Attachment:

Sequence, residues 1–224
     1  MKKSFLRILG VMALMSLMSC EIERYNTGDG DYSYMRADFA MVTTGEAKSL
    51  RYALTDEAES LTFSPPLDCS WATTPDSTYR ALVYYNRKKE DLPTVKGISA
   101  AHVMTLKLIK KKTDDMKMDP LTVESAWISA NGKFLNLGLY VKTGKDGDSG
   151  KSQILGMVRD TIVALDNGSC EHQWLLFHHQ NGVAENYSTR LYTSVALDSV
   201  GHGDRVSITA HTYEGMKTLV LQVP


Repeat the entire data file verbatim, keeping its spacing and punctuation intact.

Sequence, residues 1–224
     1  MKKSFLRILG VMALMSLMSC EIERYNTGDG DYSYMRADFA MVTTGEAKSL
    51  RYALTDEAES LTFSPPLDCS WATTPDSTYR ALVYYNRKKE DLPTVKGISA
   101  AHVMTLKLIK KKTDDMKMDP LTVESAWISA NGKFLNLGLY VKTGKDGDSG
   151  KSQILGMVRD TIVALDNGSC EHQWLLFHHQ NGVAENYSTR LYTSVALDSV
   201  GHGDRVSITA HTYEGMKTLV LQVP